In his first week as president, Mr. Biden signed an executive order vowing to address climate change, rejoined the Paris climate agreement among the nations of the world, and canceled another pipeline, the Keystone XL, which would also have brought tar-sands oil, one of the dirtiest forms of energy, from Canada. He also recently suspended oil drilling leases in the Arctic National Wildlife Refuge.

At the same time, the Biden administration has defended a huge Trump-era drilling project and has taken other actions that could guarantee the drilling and burning of oil and gas for decades. And the president has so far stayed silent on Line 3, which would carry enough oil that, when burned, would add nearly 200 million tons of greenhouse gases to the atmosphere each year during the pipeline’s lifetime, according to the project’s Final Environmental Impact Statement. That’s the equivalent impact of annual emissions from 45 coal-fired power plants, or 38 million cars.

“Particularly from a climate standpoint, the case for a brand-new, massive tar-sands pipeline is extremely thin and frankly nonexistent,” said Moneen Nasmith, an attorney with the environmental legal organization, EarthJustice, which is challenging the pipeline.

“We recognize people have strong feelings about the energy we all use, and they have the right to express their opinions legally and peacefully,” Michael Barnes, a spokesman for Enbridge, said in an email. “We hoped all parties would come to accept the outcome of the thorough, science-based review and multiple approvals of the project. Line 3 has passed every test through six years of regulatory and permitting review,” he said.

So far, protests have had little effect on construction, which began in December and was 60 percent complete, he said.

Built in the 1960s, the current crude oil pipeline has been beset with corrosion, leaks and spills, forcing Enbridge in 2008 to reduce its capacity by half, to 390,000 barrels a day. In 2015, Enbridge cited corroding pipes and future oil demand to say it would reroute Line 3, a move that would allow it to restore its original capacity.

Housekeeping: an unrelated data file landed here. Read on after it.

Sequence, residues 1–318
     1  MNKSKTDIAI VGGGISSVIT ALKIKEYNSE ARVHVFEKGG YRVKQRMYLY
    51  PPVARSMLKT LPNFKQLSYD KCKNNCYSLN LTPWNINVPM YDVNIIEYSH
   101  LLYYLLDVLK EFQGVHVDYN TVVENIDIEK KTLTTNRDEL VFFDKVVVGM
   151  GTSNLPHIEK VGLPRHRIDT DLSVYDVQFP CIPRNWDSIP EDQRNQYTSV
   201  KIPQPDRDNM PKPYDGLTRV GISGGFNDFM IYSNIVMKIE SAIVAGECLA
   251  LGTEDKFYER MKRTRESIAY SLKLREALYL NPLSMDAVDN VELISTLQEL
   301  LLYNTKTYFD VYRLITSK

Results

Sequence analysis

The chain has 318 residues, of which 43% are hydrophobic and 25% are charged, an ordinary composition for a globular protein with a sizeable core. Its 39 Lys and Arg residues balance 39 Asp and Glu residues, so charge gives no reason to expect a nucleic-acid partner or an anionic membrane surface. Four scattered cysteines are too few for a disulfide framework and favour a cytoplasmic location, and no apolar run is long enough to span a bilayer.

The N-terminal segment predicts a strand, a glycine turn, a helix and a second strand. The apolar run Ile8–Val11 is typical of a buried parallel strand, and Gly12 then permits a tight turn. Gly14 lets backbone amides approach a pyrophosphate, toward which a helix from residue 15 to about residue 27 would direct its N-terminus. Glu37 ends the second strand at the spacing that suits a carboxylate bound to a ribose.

Opponents have tried a number of legal challenges. A decision is expected this month in one case, filed in Minnesota state court by tribes and environmental groups, which has focused on whether Enbridge carried out an adequate environmental review.

Two other cases challenge the project’s permits, issued by the Army Corps of Engineers, under the Clean Air Act. Opponents argue that the Army Corps failed to fully consider how an oil spill would affect the Lake Superior watershed.

Native lawyers and lobbyists have also been working their Washington connections. Late last month, Ms. Houska, the tribal attorney, pressed top Biden officials on what she saw as policy hypocrisy: Having canceled Keystone XL, how could the administration then allow Line 3 to go forward?

“This is a huge project with huge climate implications,” Ms. Houska said she told Gina McCarthy, the White House domestic climate adviser, and David Hayes, who advises Mr. Biden on land and water use policy. “You can’t cancel Keystone and then build an almost identical tar sands pipeline,” she said.

A White House spokesman declined to comment on the meeting.

Tribal leaders are hoping that Interior Secretary Deb Haaland, who made history as the first Native American Cabinet member, will also be influential in Mr. Biden’s decision on the Enbridge pipeline.

Ms. Haaland’s public views on oil pipelines are well known: In 2016, Ms. Haaland joined the Standing Rock Sioux protesters in North Dakota who camped out for months in opposition to the Dakota Access oil pipeline.

A spokeswoman for the Interior Department declined to comment on the role that Ms. Haaland might play in determining the fate of Line 3.

Meanwhile, one of the most senior officials with authority to determine whether pipeline permits could be reviewed or rescinded is Jaime Pinkham, the Army Corps of Engineers’ acting Assistant Secretary of Civil Works, who is a member of the Pacific Northwest’s Nez Perce Tribe. In 2016, Mr. Pinkham co-wrote an opinion piece in the Chicago Tribune opposing the construction of the Dakota Access pipeline.

A spokesman for the Army Corps of Engineers said Mr. Pinkham is scheduled to meet with tribal members later this month at their request.

“The point has been for a long time to get to at least where we had the ear of those who were making decisions of consequence on tribal sovereignty,” said Julian Brave NoiseCat, a Native activist who played a key role in the campaign urging Mr. Biden to nominate Secretary Haaland. “Hopefully that means that more of these decisions will be made to the benefit and with respect for tribal sovereignty.”